Preverb Or Pre-delay!

I’m looking for good way to make a preverb or pre-delay (don’t know the “official” name for it.

Normally I do it by reversing the sample and put some delay or reverb on it, reverse it back again and there it is: A nice preverb.

The only problem is getting the sample itself start at the right spot. This is not impossible, but a little annoying because you have to play around with it.

Does anyone do it like me, or does anyone have a good solution for this effect?


yep, i allso use this method…never even think about that there might be such a plugin for that…

What about mpReverb in Renoise 1.5 ? :)

i think the “pre-delay” Dsil means is when the delay/reverb decay is played backwards leading into the sample. i usually do it the way he does it too ( don’t think you could make a live effect that does it). “pre-delay” in mpReverb is just spacializing bounce it doesn’t do the same thing.

Waves IR1 does this realtime.


so it starts playing your reversed reverb decay before you decide what sound you’re going to play? ;)

very douglas adams. hold on, i’ve got to get the door. the psychic pizza man is here with the pizza i just decided i was going to order.

it would be alot of fun to live in a universe where effect preceedes cause.


this sort of stuff usually only happens to me on acid.

this is good! :D

Haha that would indeed be cool.

Anyway, there was a nice tutorial for this on Computer Music. Will check for the link……s3/effects3.asp

Just go on to page 2…

yes, but that means that the attack can only be as long as the time it takes it to calculate a full reverb decay, which means it’s preprocessed, which means it’s not real time. QED B)


Nice one guys.

Okay, but, I havent got Logic, so i’ll have to stick with the old process…

Thnxz anyway!!


Actually, that is impossible in vst. If you’re interested, have a look at the specification.
Supatrigga does what it does by keeping a buffer and replaying tempo-cut slices of it.

Pseudo pre-verb is always possible, but as Florian Mosleh already more or less stated, effect can’t preceed the cause.

Maybe if you were in a black hole…

Reverb “pre-delay” is actually the time between when the sound is played and when the reverb starts, what you are describing is a frequently used effect in modern music.
A real reverb pre delay would look like this:

((Sound)) <-gap-> ||||::…
((Sound)) <-gap-> ||||:::::… <- tail

It’s difficult to describe but if you imagine dropping a slab of lead on the floor of a cathedral, there will be a very short period of silence until you hear the reverberation start, most high quality reverb FX will have this pre-delay effect built in.

What you are thinking of is this:

…::||((Sound)) ||||::…
…:::|||((Sound)) ||||:::::… <- tail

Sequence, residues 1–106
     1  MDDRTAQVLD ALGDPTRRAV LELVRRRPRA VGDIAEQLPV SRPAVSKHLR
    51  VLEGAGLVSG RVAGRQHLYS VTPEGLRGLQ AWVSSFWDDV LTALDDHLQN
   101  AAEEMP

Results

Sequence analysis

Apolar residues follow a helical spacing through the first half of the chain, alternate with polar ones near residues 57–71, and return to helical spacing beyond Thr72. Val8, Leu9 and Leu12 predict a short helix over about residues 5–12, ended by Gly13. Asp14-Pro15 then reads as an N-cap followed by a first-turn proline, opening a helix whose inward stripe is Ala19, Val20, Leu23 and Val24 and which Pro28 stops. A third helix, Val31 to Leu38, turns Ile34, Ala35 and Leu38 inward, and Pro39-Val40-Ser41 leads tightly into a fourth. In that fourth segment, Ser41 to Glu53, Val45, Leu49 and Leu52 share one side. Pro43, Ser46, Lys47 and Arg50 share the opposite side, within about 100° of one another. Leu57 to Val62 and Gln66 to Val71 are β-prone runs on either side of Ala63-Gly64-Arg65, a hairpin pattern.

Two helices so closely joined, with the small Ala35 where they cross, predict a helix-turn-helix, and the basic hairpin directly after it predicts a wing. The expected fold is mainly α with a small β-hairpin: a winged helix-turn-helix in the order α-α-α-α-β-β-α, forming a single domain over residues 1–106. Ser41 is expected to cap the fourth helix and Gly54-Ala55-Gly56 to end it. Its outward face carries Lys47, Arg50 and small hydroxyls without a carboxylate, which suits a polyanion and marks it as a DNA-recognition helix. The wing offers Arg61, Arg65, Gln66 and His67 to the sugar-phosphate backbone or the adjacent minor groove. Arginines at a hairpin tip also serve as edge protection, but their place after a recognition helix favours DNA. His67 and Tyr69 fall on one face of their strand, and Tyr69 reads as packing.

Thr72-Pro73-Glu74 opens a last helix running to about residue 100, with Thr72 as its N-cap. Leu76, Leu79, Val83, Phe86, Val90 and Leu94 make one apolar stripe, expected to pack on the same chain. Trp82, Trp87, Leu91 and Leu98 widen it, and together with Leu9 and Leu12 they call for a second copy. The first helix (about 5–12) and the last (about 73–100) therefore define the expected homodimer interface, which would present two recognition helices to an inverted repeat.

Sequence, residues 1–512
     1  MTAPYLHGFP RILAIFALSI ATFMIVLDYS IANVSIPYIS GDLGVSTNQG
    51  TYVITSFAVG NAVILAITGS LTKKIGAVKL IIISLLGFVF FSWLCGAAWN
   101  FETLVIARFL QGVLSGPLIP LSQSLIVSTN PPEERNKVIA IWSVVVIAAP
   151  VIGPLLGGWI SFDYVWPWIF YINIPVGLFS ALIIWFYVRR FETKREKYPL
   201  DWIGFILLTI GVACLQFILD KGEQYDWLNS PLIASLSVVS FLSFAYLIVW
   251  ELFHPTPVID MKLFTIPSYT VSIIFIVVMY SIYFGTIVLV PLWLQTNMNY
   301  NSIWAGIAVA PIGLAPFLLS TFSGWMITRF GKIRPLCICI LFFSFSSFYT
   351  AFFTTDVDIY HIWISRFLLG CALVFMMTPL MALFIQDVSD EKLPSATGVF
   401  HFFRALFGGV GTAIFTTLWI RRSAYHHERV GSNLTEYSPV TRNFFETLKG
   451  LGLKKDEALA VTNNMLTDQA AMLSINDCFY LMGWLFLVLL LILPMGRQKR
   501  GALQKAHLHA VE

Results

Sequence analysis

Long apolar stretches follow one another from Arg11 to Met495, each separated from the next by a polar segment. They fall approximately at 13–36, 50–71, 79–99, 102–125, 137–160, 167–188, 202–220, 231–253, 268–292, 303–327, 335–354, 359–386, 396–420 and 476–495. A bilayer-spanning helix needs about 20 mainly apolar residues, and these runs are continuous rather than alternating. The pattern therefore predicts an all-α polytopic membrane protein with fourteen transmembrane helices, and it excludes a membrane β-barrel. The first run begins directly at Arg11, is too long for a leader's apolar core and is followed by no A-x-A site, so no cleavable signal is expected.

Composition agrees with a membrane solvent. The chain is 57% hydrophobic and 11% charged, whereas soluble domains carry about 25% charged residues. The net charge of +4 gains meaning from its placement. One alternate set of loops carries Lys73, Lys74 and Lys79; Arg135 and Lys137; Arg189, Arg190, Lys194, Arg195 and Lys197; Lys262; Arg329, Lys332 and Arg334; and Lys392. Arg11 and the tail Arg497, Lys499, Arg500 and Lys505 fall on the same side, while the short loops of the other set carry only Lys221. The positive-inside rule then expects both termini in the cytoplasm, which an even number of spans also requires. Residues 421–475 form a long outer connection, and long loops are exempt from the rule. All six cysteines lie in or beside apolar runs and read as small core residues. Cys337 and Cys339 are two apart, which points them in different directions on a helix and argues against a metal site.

there wil l always be some latency when using a real time reverse reverb …because of the look ahead time buffer …

would be sweet to be able to do this real-time in renoise :w00t:

I find for this sort of effect that around 3000ms of a fairly bright sounding reverb does the trick. Also, a fairly mono-ish reverb gives a little more focus on the sucking effect.

I’m a fan of EpicVerb - you can really get into tweaking that thing to get a very workable reaction and colour. Use those filters and EQ! If you don’t have something fancy like EpicVerb put HPF and LPF and EQ before the reverb in the send channel. You might have to add a bit more length and gain to the wet, but it’s well worth it.

All you have to do to make things easier is to sample your reverse-reverb separately, 100% wet and without the original signal. Sample/cut it to the lenght of full beats afterwards. That’s easier to set it at the right position within the pattern. To do so and make it even easier just use the direct rendering function in renoise (alt - strg - shift - r), after you marked the tracks and lenght within the pattern.

Let’s say you marked and sampled 8 beats of reverb. A sampled reverse reverb with a lenght of 8 beats logically kicks in 8 beats before the original sample. Put it that way into your pattern and things will be easy. It doesn’t matter if there is a second of silence in the beginning of your reversed reverb sample or not. Do NOT cut it, at least unless you know how many beats you’re cutting off. The point is the lenght of the sample, less of the reverb itself.

Btw for reversed reverb it’s a good idea to do some heavy compression and maximizing on the sample. Try to get your sample as loud and dense as possible, over its whole length. This makes it easier to control its volume in the mix afterwards, with volume automation for example.


Get this freeware reverb plugin for instant reversed reverb sounding effects:

I’ve ditched EpicVerb and Ambience in favour of StereoRoom2016 at the moment.

ah sweet there’s a new version.
v1 always used to crash on me.